Departmental Results Report (rapport sur les résultats ministériels)
A report on a department’s actual accomplishments against the plans, priorities and expected results set out in the corresponding Departmental Plan.

experimentation (expérimentation)
Conducting activities that seek to first explore, then test and compare, the effects and impacts of policies and interventions in order to inform evidence-based decision-making, and improve outcomes for Canadians, by learning what works and what doesn’t. Experimentation is related to, but distinct from innovation (trying new things), because it involves a rigorous comparison of results. For example, using a new website to communicate with Canadians can be an innovation; systematically testing the new website against existing outreach tools or an old website to see which one leads to more engagement, is experimentation.

full time equivalent (équivalent temps plein)
A measure of the extent to which an employee represents a full person year charge against a departmental budget. Full time equivalents are calculated as a ratio of assigned hours of work to scheduled hours of work. Scheduled hours of work are set out in collective agreements.

gender-based analysis plus (GBA+) (analyse comparative entre les sexes plus [ACS+])
An analytical process used to assess how diverse groups of women, men and gender-diverse people experience policies, programs and services based on multiple factors including race, ethnicity, religion, age, and mental or physical disability.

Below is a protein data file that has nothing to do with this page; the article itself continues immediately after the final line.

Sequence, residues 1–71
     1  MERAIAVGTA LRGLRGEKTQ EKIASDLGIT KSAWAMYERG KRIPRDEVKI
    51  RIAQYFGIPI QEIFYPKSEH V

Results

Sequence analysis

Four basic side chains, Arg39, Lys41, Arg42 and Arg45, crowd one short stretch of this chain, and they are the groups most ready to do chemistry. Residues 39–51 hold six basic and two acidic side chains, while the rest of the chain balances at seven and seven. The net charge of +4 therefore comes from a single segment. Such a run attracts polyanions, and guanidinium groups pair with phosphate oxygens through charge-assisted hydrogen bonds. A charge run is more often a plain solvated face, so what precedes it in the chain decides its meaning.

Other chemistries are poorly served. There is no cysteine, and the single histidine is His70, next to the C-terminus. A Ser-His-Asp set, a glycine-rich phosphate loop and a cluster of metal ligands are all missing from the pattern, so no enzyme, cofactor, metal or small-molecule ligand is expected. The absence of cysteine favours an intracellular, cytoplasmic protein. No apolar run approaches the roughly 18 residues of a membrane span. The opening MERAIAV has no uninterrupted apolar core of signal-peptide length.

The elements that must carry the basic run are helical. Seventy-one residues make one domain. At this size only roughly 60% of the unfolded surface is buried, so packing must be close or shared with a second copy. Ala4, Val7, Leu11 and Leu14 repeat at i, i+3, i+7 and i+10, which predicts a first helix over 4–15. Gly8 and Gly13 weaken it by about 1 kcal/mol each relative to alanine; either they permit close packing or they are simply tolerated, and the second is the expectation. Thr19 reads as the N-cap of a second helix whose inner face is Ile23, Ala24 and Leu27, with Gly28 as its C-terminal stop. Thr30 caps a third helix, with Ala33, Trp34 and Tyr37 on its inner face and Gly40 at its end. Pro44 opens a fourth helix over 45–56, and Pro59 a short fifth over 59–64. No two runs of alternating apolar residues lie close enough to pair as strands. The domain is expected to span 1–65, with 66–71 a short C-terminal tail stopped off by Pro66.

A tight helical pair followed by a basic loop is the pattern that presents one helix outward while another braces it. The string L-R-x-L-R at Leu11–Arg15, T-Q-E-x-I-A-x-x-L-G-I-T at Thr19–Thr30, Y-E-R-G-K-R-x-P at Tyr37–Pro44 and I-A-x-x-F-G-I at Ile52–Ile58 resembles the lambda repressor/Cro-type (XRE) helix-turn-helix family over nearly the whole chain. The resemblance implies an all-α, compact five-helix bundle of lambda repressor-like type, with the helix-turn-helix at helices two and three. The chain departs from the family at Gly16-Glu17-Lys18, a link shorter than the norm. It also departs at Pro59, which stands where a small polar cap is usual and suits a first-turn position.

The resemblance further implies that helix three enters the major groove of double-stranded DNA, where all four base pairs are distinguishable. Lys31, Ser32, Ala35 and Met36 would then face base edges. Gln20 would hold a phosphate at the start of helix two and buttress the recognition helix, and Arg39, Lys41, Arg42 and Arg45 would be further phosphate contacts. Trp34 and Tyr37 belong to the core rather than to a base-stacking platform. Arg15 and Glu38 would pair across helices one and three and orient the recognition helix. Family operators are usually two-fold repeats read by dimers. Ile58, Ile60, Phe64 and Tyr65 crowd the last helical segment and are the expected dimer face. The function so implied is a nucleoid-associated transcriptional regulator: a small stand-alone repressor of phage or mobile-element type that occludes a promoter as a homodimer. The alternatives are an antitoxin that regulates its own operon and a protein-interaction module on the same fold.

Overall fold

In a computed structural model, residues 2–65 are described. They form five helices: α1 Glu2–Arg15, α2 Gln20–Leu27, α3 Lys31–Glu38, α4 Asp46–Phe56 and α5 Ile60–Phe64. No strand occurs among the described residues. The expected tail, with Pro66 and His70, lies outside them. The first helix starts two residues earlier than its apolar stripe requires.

government-wide priorities (priorités pangouvernementales)
For the purpose of the 2020–21 Departmental Plan, government-wide priorities refers to those high-level themes outlining the government’s agenda in the 2015 Speech from the Throne, namely: Growth for the Middle Class; Open and Transparent Government; A Clean Environment and a Strong Economy; Diversity is Canada's Strength; and Security and Opportunity.

horizontal initiative (initiative horizontale)
An initiative in which 2 or more federal organizations are given funding to pursue a shared outcome, often linked to a government priority.

non budgetary expenditures (dépenses non budgétaires)
Net outlays and receipts related to loans, investments and advances, which change the composition of the financial assets of the Government of Canada.

performance (rendement)
What an organization did with its resources to achieve its results, how well those results compare to what the organization intended to achieve, and how well lessons learned have been identified.

performance indicator (indicateur de rendement)
A qualitative or quantitative means of measuring an output or outcome, with the intention of gauging the performance of an organization, program, policy or initiative respecting expected results

performance reporting (production de rapports sur le rendement)
The process of communicating evidence based performance information. Performance reporting supports decision-making, accountability and transparency.